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Turkish burek is a filled, oven-baked dough pocket. Unrisen dough is rolled out until paper thin, filled and formed into half-moons, spirals, cigars or flowers. Burek is often filled with spinach (ispanakli) and sheep’s milk cheese (peynirli). Burek is baked in an oven until crispy.

What is turkisch burek

The Turkish dish, burek (pronounced booh-REK) consists of crispy filled filo dough pockets. Unrisen filo dough is rolled out until paper-thin, and the dough is then filled and shaped into half-moons, spirals, cigars or flowers. 

Burek filling is made from spinach (ispanakli) and sheep’s milk cheese (peynirli), parsley and sheep’s milk cheese, or finely chopped lamb (kiymali), seasoned potato (patatesli), or all the ingredients put together. The prepared and filled burek is baked until crispy.

Burek is served as lunch, or as a snack but it can also be enjoyed as breakfast. Across Europe, it is eaten as lunch or as a starter served in cigar form.

Like many Turkish dishes, variants of Burkek can be found in surrounding countries. According to culinary historians, these burek-like dishes most likely developed during the Ottoman Empire. In Greece, the dish is called boureki; in Albania byrek; and in Russia pirochki.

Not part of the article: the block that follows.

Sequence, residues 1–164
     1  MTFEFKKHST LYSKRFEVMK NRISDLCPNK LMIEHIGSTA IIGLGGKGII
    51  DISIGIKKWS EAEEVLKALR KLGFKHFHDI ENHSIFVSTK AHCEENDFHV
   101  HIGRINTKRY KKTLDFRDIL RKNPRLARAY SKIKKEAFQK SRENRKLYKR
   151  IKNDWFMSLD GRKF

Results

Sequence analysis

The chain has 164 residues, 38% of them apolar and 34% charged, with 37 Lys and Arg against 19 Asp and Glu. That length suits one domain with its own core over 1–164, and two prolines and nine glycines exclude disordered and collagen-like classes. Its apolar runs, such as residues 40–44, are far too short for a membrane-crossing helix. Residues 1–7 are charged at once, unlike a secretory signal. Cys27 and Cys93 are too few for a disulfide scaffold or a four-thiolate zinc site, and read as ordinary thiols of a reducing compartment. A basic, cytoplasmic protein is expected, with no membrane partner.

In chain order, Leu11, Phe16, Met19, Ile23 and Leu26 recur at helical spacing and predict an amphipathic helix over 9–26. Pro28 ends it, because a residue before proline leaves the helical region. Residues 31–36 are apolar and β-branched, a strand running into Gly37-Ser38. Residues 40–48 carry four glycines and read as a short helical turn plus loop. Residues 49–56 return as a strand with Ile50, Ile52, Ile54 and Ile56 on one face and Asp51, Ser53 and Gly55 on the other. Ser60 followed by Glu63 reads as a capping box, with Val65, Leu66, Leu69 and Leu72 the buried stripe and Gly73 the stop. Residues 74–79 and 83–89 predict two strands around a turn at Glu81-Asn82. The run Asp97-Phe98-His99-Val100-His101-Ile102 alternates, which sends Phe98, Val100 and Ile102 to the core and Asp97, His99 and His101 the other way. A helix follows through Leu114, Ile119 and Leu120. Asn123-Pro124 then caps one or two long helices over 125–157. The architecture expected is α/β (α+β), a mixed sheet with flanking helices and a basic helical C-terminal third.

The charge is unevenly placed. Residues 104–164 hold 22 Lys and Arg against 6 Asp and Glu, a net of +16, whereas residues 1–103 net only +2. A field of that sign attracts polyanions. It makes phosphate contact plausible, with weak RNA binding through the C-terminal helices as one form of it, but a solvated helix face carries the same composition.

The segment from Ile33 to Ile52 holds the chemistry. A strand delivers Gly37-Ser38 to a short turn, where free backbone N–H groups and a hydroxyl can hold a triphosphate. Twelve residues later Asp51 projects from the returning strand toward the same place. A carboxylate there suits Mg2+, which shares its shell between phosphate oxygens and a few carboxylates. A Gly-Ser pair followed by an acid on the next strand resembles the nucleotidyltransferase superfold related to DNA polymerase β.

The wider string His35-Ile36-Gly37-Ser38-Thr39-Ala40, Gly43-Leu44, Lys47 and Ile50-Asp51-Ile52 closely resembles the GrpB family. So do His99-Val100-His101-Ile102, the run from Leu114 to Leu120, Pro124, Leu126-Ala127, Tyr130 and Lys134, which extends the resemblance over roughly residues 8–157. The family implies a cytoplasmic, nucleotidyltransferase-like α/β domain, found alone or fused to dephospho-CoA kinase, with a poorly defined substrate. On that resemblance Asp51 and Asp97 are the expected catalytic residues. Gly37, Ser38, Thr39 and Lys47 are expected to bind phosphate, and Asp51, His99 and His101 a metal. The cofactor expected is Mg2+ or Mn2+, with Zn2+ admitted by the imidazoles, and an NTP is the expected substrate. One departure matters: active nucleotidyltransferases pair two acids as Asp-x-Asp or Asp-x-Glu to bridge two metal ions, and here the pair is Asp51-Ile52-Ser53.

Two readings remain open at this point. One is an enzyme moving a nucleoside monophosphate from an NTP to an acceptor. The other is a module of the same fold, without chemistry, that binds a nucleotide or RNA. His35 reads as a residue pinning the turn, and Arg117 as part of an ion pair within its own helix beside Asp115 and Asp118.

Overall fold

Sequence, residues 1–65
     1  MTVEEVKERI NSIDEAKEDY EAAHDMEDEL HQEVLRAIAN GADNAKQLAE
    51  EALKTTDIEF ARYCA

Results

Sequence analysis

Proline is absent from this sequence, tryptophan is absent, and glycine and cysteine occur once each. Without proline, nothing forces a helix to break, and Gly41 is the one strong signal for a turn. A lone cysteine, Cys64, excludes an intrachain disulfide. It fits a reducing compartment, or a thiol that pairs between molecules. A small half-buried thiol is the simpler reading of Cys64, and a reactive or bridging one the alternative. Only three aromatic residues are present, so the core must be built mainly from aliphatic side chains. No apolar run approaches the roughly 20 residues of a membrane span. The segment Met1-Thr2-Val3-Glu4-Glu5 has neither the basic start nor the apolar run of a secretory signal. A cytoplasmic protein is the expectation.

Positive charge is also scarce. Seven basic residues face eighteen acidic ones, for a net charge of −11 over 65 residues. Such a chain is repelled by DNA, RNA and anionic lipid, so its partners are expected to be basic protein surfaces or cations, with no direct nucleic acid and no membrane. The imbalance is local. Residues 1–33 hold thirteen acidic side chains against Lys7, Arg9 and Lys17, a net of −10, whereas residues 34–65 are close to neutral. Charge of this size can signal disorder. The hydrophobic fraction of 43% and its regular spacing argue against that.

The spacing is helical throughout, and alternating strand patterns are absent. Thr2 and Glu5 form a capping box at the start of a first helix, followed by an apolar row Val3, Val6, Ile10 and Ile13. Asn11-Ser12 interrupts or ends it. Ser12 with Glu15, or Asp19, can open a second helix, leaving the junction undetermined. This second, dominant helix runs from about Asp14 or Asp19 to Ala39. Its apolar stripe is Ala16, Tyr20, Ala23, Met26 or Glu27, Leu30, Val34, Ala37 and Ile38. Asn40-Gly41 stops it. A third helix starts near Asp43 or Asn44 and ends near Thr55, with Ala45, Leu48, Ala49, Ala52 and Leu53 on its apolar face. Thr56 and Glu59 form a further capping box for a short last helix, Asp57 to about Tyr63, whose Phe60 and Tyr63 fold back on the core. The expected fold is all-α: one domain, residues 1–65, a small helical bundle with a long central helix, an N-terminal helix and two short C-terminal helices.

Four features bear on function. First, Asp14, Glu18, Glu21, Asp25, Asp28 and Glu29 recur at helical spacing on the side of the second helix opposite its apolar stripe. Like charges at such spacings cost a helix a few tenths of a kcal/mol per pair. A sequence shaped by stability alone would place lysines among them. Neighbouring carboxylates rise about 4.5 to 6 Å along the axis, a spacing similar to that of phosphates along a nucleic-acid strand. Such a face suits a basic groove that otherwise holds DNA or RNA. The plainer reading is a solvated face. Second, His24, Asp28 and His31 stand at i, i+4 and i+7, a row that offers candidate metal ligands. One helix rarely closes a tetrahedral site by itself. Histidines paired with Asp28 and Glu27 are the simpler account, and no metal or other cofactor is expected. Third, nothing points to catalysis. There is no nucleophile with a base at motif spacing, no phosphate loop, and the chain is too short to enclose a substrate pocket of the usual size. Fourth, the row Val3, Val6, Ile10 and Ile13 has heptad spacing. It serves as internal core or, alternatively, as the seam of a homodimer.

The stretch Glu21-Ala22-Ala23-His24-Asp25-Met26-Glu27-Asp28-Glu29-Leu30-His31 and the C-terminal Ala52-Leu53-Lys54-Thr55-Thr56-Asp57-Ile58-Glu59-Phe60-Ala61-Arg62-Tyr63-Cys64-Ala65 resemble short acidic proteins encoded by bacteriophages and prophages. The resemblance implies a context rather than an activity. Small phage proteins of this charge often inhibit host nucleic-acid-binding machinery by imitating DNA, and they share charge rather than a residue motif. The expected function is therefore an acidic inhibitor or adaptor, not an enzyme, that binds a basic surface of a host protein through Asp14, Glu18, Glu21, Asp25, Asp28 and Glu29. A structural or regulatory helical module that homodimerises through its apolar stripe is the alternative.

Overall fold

East vs. west

In Europe, burek is sold by Turkish bakers along with other Turkish delicacies. In Turkey, however, burek is sold in dedicated shops called borecki. In these shops, burek is more of an art form than just a snack, and customers can choose from different shapes and sizes. Puff boregi, for example, are filled, deep fried dough triangles, while sigara boregi resemble filled cigars. Su boregi, meaning water burek, resemble Italian lasagne and are prepared by pre-cooking or steaming filo dough and then layering and filling the dough before it is oven baked.

Did you know?

In Turkey, the special dough required to prepare burek is made exclusively by men called “Yufkaci” These men require great stamina to roll the dough out until it becomes paper thin and they do so all day long. The “Yufkaci” are seen as true craftsmen. In contrast to this, women generally buy the special dough from the bakers to prepare burek at home.

How to make burek

Cigar shaped “sigara boregi” filled with spinach and sheep’s milk cheese is often enjoyed as a starter in Turkish restaurants. Onions and garlic are normally fried together and freshly shredded spinach leaves are added to the hot mixture. The cooked mixture is then coated with crumbled feta cheese to create a healthy savoury filling. The filling is then deep fried in dough triangles until crispy.

How to eat burek

Burek is best enjoyed with a yoghurt dip.

Also try

Choose burek as part of your Greek mezze-buffet. The tastes of Greece and Turkey combine perfectly, for something a bit spicier, go for a samosa. These spicy dough pockets originate from India.

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